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Au-Pd supported nanocrystals as catalysts for the direct synthesis of hydrogen peroxide from H2 and O2

Edwards, Jennifer Kelly, Thomas, Adrian, Carley, Albert Frederick, Herzing, Andrew A., Kiely, Christopher John and Hutchings, Graham John 2008. Au-Pd supported nanocrystals as catalysts for the direct synthesis of hydrogen peroxide from H2 and O2. Green Chemistry 10 (4) , pp. 388-394. 10.1039/b714553p

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Abstract

The direct synthesis of hydrogen peroxide with Au–Pd catalysts is described and discussed: in particular, the roles of the support and promoters. Catalysts prepared by co-impregnation on various supports with calcination at 400 °C were stable and could be re-used several times without loss of metal. Catalysts calcined at lower temperatures were found to be unstable and could not be successfully re-used. Au–Pd/carbon and Au–Pd/silica catalysts gave the highest rate of H2O2 production, and the order of reactivity observed for the support materials investigated is: carbon silica > TiO2 > Al2O3. Bimetallic Au–Pd particles on TiO2 and Al2O3 were found to exhibit a core–shell structure, Pd being concentrated on the surface. It is considered that the Au–Pd/silica catalysts have a similar core–shell morphology based on X-ray photoelectron spectroscopy studies, whereas, in contrast, the calcined Au–Pd/carbon catalysts are observed to be homogeneous alloys. TEM studies showed that the silica contains impurities of carbon and that the Au–Pd alloys all preferentially interact with these carbonaceous impurities, hence resulting in a rather similar catalytic performance to that of the carbon supported Au–Pd catalysts. The origin of the enhanced activity for the silica and carbon supported catalysts is a result of higher H2 selectivity for the formation of hydrogen peroxide, which is due to the surface composition and size distribution of the nanoparticles. The effect of promoters is investigated, and it is shown that addition of Br− and PO43− is deleterious under our conditions, which contrasts markedly with Pd catalysts for which such species are essential. Furthermore, we show the acid solution formed by CO2 in water increases the rate of H2O2 synthesis, and thereby the CO2 diluent in our experiments acts as green in situ acid promoter.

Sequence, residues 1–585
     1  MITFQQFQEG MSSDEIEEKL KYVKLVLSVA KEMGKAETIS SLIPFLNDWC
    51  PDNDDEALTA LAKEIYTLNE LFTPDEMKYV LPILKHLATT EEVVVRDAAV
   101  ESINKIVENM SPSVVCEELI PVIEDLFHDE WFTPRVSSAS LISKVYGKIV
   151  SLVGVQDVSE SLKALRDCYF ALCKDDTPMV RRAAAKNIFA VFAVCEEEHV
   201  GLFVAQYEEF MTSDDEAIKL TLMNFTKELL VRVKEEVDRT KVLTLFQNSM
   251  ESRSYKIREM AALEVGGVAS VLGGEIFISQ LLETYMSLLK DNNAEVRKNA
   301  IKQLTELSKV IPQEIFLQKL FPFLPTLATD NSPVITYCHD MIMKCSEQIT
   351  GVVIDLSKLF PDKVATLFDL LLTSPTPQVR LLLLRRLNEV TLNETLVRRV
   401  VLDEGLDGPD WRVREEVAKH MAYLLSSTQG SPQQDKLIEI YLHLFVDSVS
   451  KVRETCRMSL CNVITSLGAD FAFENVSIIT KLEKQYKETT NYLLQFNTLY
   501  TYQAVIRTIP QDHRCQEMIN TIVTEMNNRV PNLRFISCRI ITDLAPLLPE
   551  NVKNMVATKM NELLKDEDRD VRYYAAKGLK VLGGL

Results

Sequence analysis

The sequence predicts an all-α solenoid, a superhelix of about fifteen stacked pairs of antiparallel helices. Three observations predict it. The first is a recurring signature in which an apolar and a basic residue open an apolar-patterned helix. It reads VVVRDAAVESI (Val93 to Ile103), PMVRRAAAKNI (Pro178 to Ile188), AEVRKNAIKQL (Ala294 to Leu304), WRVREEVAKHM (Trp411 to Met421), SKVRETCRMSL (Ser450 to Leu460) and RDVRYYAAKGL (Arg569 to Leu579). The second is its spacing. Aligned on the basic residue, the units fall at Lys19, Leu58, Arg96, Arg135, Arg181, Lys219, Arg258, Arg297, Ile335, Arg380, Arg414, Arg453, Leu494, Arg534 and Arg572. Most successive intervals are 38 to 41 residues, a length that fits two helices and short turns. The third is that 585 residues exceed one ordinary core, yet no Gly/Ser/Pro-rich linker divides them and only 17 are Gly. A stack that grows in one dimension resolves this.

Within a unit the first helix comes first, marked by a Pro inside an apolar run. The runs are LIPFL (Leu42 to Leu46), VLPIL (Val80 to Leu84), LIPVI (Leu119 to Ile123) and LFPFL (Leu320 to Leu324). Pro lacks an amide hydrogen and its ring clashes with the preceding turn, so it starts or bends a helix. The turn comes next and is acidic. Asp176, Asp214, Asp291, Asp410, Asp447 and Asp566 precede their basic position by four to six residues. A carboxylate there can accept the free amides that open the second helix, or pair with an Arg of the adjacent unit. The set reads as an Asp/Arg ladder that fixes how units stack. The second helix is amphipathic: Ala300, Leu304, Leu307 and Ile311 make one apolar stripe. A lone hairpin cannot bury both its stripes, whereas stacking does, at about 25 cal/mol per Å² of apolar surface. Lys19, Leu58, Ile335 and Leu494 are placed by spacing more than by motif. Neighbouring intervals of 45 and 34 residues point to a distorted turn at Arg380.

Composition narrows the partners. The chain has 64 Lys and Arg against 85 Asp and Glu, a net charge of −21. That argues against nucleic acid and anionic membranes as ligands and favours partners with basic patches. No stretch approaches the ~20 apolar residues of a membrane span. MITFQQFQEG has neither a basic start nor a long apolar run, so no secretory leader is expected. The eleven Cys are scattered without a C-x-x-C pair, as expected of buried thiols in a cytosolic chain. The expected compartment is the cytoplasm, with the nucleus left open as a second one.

Item Type: Article
Date Type: Publication
Status: Published
Schools: Chemistry
Cardiff Catalysis Institute (CCI)
Publisher: Royal Society of Chemistry
ISSN: 1463-9262
Last Modified: 02 Jun 2018 19:24
URI: http://orca-mwe.cf.ac.uk/id/eprint/5926

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